Thursday, 19 September 2013

MFS©™ Special - Mr.Richard Arnold Jackson: Richard "Groove" Holmes

Richard "Groove" Holmes
Real Name:
Richard Arnold Jackson

Thanks to Funkyman for the special (a monumental special of several hours) that will be posted on the website and will be aired on the radio in short ... I know that Claudio/Funkyman, like me, considered Holmes as one of the best organists of the jazz scene, and certainly this phenomenal powerful self-taught musician has left an indelible mark in the history of music. We both are avid fans and a lot of his esteem that we have toward him, that even a few years ago a nephew of Mr.Holmes wrote to us, when we had the blog on Wordpress, to make us remember the compliments and thank us for his grandfather. Needless to say, we stood so touched and honored to witness. What can we say ... pay tribute to the great Groove Holmes, a simple man with a great sense of humor, always in a good mood ... and ... with a slight presumption that say MFSRadio found only on these things ... so enjoy. Happy listening.

b. May 2, 1931 - Camden, New Jersey
d. June 29, 1991 - St. Louis, Missouri
American jazz organist.
Influenced by sax players, like a lot of organ players. He teamed up with Jimmy McGriff for some organ battles on the Groove Merchant label, and recorded for Muse from 1977 to 1989 with, among others, Houston Person and Melvin Sparks. He also recorded some "straight" jazz sessions with Ben Webster, Gene Ammons and Houston Person.
From Discogs

* After Hours (1961) (Pacific Jazz)
* Groovin' with Jug (1961) (Pacific Jazz)
* Somethin' Special (1962) (Pacific Jazz)
* Soul Message (1965) (Prestige)
* Misty (1965) (Prestige)
* Spicy (1966) (with Ivan "Boogaloo Joe" Jones)
* A Bowl of Soul (1967) (Loma)
* Get Up and Get It! (1967) (Prestige)
* Blue Groove (1967)
* Soul Power (1967) (Prestige)
* That Healin' Feelin' (1968)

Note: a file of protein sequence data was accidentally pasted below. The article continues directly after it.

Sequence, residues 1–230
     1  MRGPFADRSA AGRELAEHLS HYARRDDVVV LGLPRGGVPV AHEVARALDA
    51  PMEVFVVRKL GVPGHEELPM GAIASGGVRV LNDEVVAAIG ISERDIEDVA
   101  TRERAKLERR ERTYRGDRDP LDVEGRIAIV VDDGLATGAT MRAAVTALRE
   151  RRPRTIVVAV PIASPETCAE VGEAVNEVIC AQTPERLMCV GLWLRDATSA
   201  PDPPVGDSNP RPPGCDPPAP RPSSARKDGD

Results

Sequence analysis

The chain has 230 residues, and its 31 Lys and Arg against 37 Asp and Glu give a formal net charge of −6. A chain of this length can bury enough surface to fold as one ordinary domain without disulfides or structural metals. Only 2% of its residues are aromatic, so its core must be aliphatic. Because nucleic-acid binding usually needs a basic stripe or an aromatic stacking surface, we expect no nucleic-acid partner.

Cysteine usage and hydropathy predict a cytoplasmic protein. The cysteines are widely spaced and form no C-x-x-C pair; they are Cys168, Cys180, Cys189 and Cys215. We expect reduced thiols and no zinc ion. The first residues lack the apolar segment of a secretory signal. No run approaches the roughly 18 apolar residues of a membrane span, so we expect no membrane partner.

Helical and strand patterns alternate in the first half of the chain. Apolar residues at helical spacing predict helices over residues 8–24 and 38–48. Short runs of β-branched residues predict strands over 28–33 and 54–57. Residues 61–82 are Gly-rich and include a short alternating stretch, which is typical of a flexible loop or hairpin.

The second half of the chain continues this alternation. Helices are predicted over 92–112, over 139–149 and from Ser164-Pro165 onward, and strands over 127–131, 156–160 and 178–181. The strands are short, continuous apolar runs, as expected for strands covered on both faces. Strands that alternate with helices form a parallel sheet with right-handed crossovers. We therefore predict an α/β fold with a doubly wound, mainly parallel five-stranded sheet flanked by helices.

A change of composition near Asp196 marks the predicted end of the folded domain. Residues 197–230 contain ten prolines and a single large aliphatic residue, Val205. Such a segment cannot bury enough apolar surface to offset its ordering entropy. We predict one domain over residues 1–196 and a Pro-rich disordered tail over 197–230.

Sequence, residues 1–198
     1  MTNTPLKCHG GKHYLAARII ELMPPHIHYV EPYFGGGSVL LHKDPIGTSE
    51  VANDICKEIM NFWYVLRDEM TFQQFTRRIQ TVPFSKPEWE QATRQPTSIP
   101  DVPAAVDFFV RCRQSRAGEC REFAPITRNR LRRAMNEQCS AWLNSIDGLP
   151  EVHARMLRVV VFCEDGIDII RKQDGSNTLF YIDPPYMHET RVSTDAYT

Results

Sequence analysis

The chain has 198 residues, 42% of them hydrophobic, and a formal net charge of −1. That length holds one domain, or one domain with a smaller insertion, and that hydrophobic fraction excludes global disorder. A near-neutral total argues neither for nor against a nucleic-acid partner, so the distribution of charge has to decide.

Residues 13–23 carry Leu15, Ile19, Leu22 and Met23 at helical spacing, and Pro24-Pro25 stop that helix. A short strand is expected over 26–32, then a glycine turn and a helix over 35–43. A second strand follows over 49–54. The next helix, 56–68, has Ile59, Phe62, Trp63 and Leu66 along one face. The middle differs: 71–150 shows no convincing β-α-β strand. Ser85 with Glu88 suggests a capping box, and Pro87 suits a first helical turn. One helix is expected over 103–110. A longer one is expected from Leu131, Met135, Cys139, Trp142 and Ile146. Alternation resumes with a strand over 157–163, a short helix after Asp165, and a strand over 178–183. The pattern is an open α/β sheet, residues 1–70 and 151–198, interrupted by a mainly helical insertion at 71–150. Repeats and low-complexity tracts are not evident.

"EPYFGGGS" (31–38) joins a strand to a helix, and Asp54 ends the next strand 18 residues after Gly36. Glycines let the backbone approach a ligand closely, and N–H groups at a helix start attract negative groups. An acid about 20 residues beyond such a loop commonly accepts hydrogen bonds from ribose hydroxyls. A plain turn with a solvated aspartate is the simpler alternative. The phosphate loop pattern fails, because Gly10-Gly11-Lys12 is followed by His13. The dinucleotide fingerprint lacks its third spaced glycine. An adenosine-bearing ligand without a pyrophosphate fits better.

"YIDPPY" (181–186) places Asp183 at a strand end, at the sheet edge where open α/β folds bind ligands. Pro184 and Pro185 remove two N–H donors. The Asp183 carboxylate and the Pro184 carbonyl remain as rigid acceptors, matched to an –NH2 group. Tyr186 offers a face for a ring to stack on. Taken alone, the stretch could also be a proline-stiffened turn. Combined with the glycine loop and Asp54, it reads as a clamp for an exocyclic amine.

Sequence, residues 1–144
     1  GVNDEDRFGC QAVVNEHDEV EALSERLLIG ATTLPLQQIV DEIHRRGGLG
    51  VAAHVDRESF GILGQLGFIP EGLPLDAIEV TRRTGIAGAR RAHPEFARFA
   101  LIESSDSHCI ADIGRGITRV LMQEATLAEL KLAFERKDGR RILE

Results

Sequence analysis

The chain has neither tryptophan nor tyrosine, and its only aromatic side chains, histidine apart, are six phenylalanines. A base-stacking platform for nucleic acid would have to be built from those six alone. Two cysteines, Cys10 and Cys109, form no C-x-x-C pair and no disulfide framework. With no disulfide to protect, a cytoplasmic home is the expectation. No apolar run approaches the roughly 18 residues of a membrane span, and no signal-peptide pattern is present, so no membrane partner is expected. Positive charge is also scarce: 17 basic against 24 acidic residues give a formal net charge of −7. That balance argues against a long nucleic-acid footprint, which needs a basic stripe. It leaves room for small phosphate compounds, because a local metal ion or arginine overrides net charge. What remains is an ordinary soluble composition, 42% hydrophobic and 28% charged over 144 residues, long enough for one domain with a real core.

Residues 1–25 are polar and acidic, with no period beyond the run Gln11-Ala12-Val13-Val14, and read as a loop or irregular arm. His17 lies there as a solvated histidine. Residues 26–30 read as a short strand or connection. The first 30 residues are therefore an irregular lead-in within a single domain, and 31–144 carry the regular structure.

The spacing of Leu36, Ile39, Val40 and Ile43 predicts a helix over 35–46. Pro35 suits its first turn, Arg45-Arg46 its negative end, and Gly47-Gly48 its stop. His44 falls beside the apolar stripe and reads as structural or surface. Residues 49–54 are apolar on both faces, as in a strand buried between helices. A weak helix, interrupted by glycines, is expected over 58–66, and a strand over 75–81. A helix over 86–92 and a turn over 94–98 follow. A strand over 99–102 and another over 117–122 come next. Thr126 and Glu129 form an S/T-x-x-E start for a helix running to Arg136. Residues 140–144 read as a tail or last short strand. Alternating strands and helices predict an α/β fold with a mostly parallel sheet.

* The Groover! (1968)
* Welcome Home (1969)
* Workin' on a Groovy Thing (1969)
* Come Together (1970) (with Ernie Watts)
* Night Glider (1973) (Groove Merchant)
* New Groove (1974) (Groove Merchant)
* Onsaya Joy (1974) (Live) (Flying Dutchman)
* Six Million Dollar man (1975) (Flying Dutchman)
* I'm in the Mood for Love (19??) (Flying Dutchman)
* Shippin' Out (1977) (Muse)
* Good Vibrations (1977) (Muse)
* Broadway (1980)
* Swedish Lullaby (1984)
* Blues All Day Long (1988)
* Hot Tat (1989)
* Groove's Groove (1991)


Richard Arnold "Groove" Holmes (Camden, New Jersey, May 2, 1931 – St. Louis, Missouri, June 29, 1991) was an American jazz organist who performed in the hard bop and soul jazz genre. He is best known for his 1965 recording of "Misty", and is considered a precursor of acid jazz.
Holmes' first album, on Pacific Jazz with guest Ben Webster, was recorded in March 1961.
His sound was immediately recognizable in the upper register, but even more so because of his virtuosity in creating, undoubtedly, the most rapid, punctuating, and pulsating basslines of all the jazz organists.[citation needed]
Though he died at the age of 60, he established a recognition within the community of jazz organ giants of Jimmy Smith (The Sermon!), Brother Jack McDuff (A Real Good 'Un), Jimmy McGriff (I've Got a Woman).
He recorded many albums for Pacific Jazz, Prestige Records, Groove Merchant and Muse Records, many of which featured Houston Person.